• Most teens have access to a phone or mobile device (and by have access, we mean permanently glued to their hand/ear). Encourage them to use apps such as My Fitness Pal to ensure they are getting the right nutrients.
  • Make the cafeteria a part of your college tours – in addition to college favorites such as pizza, most colleges offer salad bars, vegetarian and allergy-friendly choices, and other healthy options.
  • Everyone needs some down time. HGTV, Food Network, and other channels offer food and cooking shows that are educational, yet entertaining. Bonding over Kitchen Nightmares, Top Chef, or other competition/reality shows can be time well spent together.

At Just Add Cooking, we feel that the most important part of eating should be a family meal, daily or as often as your schedule permits. We can help with that!

5 Ways to Use Butternut Squash

Honestly, it’s hard to choose only five ways to enjoy butternut squash. This classic fall veggie is rich in potassium, and a great source of vitamins A and C, as well as healthy carbs. Known for its beautiful orange color and sweet pumpkin taste, butternut squash is an autum harvest staple.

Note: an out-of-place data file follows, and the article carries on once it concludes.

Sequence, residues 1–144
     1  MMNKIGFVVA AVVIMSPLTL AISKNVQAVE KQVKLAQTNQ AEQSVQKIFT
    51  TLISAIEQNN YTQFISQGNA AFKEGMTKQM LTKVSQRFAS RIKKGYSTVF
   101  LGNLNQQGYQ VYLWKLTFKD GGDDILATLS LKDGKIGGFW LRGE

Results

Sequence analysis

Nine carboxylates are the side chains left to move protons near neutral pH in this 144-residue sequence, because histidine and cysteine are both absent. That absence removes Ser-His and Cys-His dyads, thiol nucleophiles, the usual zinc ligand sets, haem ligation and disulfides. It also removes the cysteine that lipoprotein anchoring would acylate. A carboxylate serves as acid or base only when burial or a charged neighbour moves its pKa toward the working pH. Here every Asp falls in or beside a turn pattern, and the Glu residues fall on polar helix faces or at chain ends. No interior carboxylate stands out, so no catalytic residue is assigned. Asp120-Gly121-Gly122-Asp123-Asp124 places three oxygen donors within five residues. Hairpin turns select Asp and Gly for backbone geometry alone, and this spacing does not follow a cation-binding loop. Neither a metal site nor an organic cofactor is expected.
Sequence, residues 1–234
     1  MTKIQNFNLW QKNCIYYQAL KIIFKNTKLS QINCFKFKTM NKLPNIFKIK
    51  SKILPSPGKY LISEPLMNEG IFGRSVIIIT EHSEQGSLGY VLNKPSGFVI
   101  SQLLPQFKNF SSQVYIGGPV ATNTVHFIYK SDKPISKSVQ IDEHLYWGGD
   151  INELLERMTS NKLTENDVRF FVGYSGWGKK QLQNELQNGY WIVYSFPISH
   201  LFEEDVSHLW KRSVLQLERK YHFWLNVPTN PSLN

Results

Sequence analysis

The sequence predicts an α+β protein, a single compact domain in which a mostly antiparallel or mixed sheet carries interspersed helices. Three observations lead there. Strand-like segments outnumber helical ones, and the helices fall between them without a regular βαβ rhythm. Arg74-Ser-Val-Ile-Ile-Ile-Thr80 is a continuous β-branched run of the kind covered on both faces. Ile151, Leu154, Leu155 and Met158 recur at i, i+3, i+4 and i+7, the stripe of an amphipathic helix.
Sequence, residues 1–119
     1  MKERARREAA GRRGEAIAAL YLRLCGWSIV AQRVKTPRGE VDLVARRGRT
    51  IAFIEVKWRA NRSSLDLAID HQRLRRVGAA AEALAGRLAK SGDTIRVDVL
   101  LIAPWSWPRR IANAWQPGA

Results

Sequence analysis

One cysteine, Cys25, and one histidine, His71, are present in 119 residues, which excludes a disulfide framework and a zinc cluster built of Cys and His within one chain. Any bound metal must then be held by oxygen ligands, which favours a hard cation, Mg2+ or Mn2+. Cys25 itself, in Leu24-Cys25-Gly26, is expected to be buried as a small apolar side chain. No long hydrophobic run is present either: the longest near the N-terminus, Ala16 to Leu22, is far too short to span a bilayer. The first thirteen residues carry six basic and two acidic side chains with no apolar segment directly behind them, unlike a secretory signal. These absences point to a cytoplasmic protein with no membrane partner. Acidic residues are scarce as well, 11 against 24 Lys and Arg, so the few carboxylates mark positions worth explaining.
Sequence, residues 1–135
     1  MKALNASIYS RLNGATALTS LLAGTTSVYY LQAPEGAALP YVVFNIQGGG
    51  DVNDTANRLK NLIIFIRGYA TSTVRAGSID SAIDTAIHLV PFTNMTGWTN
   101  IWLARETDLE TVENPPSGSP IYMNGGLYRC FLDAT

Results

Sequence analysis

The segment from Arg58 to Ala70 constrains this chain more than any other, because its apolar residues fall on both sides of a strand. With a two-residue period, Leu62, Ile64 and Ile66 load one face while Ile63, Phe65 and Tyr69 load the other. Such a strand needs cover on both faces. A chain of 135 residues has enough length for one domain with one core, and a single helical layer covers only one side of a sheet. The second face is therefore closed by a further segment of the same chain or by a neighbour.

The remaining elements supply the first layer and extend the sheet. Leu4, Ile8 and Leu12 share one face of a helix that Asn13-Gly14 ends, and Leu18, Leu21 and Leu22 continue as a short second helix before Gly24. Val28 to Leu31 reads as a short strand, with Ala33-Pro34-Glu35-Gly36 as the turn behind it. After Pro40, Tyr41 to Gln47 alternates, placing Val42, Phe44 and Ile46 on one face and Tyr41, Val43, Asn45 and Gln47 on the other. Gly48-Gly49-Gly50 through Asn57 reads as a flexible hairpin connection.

Simply roasting the squash is one way to enjoy it, and often is a key step in any butternut squash recipe. When preparing, you’ll want to scoop out the stringy bits, as well as the seeds. The seeds are edible, and can be roasted with spices for snacking, or to top a root vegetable salad. Here are some of the many ways to prepare butternut squash:

Roasted butternut squash

Roasted butternut squash. Photo credit: Whole Foods Market


  • Soup: The squash is cooked until tender, then pureed until smooth. Substitute chicken for veggie broth for an easy vegetarian swap. Topping ideas: feta, sour cream, cinnamon, or roasted seeds.
  • Pot pie: Vegetables and chicken baked in a flaky crust, this pot pie variation can be a meal by itself, or served with a light salad.
  • Gnocchi: Substituting white potatoes with butternut squash makes a fantastic gnocchi. Nutmeg, butter, sage, and parmesan give it a sweet, savory flavor.
  • Salsa: (Yes, salsa.) Vary the seasonings, or add roasted chili peppers to make it as spicy as you like. Use it to top a salad or pasta, or as a dip with whole wheat tortilla chips or crackers.
  • Roasted: One of the Just Add Cooking meals this week is roasted butternut squash with cous cous, pine nuts, and spinach (recipe below). Short on time? Let the oven do the work for you on this recipe. If you’re in a hurry, make the squash cubes smaller to cook faster.
Butternut Squash, Spinach and Pine Nuts

Just Add Cooking: Butternut Squash, Spinach and Pine Nuts